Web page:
wilful murder and manslaughter (§ 52), there is not a 
trace to be found in all Greece of such a severance of 
jurisdictions, and it must be admitted that in practice 
it would necessarily give rise to many inconveniences 
and circuitous procedures. The nature of the case, as 
well as all historical analogy, obliges us to assume that 
in the first instance, even in Attica, the same authorities 
(although perhaps at different tribunals) investigated the 
degree of heinousness attaching to an act of homicide, and 
determined whether it ought to be punished with death — 
with which, in the view of the Greeks, perpetual banish- 
ment stood pretty nearly on a par — or whether it might 
be atoned for by a temporary avoidance of one's native 
land, and consequently was capable of expiation at home. 
In these last words we assign at the same time the 
reason why the court of Ephetee was separated from the 
Areopagus, and it needs but one step more to arrive at 
the conclusion that this separation could only have been 
brought about by Solon. Namely : The atonement for 
blood and purification of the bloodshedder came under 
the Sacred Law of Athens (the Upa kqI oaea), which 
remained in the hands of the old nobility even after 
they had lost their poUtical authority (the proofs of this 
will be given in the following Section on the Exegetse) : 



80 that the administration of the rites of expiation could 
not be taken away from the old aristocracy of Athens^ 
even when the constitution underwent in other respects 
a complete change. None but an aristocratic court 
was competent to pronounce an act of homicide expiable, 
and itself to preside over the rites of expiation and 
cleansing. Accordingly^ the cases reserved for decision 
of that court were those in which a person was accused 
of unpremeditated manslaughter — for here expiation 
came in after the flight : further^ where the plea put 
in by the accused was that of jmtifiable homicide — ^in 
this case there was no punishment^ nor was the indi- 
vidual obliged to flee his country/ but still it was neces- 
sary^ at least in certaui cases/ that he should undergo 
puriflcation : Airther^ the case in which an unpremedi- 
tated was followed by a premeditated act of homicide^ it 
being then a question whether expiation were still 
admissible or not : and lastly^ the formalities observed 
in holding judgment on the weapon with which blood 
had been shed^ since these formalities necessarily devolved 
upon the managers of ancient rites of expiation. As 
wilful murder^ on the contrary^ could not be expiated 
but by the hand of the executioner — such no doubt was 
the principle expressed in the stem 0fa/io/ of Draco — 
there was no need in this case to refer to expositors of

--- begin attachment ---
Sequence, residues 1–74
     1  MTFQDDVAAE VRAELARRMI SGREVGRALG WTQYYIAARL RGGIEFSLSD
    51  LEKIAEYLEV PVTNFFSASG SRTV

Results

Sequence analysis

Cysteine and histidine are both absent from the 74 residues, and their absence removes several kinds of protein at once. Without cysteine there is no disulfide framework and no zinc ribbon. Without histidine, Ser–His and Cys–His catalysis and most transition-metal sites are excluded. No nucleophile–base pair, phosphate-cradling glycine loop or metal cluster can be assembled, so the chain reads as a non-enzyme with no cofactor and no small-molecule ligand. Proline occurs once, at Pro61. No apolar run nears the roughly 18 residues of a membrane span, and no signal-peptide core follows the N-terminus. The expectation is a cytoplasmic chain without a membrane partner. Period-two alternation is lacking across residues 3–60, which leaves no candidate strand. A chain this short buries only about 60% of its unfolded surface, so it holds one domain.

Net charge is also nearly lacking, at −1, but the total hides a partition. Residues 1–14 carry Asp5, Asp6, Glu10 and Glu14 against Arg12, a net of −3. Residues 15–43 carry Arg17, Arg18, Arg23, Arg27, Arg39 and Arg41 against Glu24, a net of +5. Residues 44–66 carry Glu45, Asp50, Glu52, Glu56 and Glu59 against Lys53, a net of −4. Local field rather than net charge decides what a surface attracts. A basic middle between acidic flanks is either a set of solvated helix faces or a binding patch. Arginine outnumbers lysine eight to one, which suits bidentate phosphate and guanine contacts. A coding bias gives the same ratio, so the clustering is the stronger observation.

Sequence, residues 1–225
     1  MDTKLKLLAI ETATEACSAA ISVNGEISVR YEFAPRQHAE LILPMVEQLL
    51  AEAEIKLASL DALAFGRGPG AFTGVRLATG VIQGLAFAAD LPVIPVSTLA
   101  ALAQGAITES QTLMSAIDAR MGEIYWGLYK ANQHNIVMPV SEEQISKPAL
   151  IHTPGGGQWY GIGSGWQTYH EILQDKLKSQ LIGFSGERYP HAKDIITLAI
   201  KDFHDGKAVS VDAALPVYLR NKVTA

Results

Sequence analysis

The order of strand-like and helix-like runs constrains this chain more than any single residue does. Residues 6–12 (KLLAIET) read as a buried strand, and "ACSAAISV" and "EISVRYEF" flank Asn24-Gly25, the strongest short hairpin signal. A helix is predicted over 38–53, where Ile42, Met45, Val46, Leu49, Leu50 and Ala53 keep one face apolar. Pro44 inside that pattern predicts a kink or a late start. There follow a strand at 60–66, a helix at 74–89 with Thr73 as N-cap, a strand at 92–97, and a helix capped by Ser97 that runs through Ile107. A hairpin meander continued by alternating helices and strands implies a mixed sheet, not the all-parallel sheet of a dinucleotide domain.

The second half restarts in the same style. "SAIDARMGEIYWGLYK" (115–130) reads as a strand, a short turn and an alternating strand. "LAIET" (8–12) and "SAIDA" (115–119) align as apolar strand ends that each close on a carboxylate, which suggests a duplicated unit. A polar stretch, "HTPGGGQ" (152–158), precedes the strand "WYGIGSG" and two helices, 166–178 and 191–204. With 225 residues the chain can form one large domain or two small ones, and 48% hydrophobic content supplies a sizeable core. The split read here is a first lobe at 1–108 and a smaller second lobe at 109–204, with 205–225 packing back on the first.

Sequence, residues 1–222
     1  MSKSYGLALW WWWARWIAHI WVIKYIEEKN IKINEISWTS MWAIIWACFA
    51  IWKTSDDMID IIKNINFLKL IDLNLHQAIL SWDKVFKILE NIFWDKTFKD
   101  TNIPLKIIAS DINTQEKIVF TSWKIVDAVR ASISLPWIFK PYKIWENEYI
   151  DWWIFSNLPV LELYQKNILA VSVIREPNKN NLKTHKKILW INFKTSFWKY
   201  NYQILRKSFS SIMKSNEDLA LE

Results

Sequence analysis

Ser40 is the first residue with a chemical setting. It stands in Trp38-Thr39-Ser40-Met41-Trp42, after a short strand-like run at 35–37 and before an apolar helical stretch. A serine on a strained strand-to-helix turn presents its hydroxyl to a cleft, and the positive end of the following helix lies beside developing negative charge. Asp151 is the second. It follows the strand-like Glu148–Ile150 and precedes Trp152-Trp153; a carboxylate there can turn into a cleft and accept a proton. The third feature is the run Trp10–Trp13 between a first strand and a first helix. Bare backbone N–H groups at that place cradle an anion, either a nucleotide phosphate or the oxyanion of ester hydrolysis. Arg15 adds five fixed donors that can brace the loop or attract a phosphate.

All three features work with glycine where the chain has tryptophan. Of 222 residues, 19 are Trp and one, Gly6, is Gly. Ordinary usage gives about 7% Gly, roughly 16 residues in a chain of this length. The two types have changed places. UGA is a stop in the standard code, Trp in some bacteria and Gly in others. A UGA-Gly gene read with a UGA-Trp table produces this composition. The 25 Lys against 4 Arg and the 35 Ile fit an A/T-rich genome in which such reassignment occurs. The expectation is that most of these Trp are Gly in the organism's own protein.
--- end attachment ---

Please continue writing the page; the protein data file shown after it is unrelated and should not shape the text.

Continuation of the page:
ancient Sacred Law ; so that Solon was at liberty here 
to vest the cognisance of such cases in a corporate body 
which, in accordance with the spirit of his legislation. 

^ He was siud to commit the act 
vrimivel, Dem. c. Aristocr. p. 637, 
639. Killing of a fioixis was 
deemed no <l)6vos: Lys. de Era- 
tosth. CsBd. § 30. 

' This is seen quite clearly by 
comparing the law in Demosthenes 
with Plato, Legg. ix. p. 865 : e7 ri£ 

€v &yS)Pi Koi Sffkois Brjfioo'ioi.g 3jco>v 
— aiT€ier€iv€ — KaBapBtXg Kara rbv 
€K Aek^Sfv KOfiiadevra irtpl rov- 
rap v6iiov taron KaOapds* This 
applies to the cases in which ven- 
geance was not allowed. On the 
other cases Plato's expression ix. 
p. 874) is not quite definite. 



he formed out of the most affluent of the Athenian 
citizens who had filled the office of Archon^ and which, 
as he himself expressed it^ he intended to make the 
anchor of his Constitution. 

66. If the matter be viewed in this light, it seems 
impossible to doubt that the separation of the court of 
Ephetse from the Areopagus took place at a period when 
the domination of the Athenian nobility was brought to 
an end, and stripped of whatever could be withdrawn 
from it, consistently with the respect for religious tradi- 
tions. And such a period, we know, was precisely the 
age of Solon. Besides these reasons, there are others of 
a subordinate kind which lead to the same result.' 
Thus, in Pollux, we find it stated, probably upon 
Aristotle's authority, that the Ephetse formerly ad- 
ministered justice in five courts, not in four only: 
and Draco, in his laws, never spoke of any but Ephetse, 
although the antiquity of the jurisdiction held by the 
Areopagus, in cases of bloodshed, is attested by so many 
legends, and admitted also by Aristotle (Pol. ii. 9).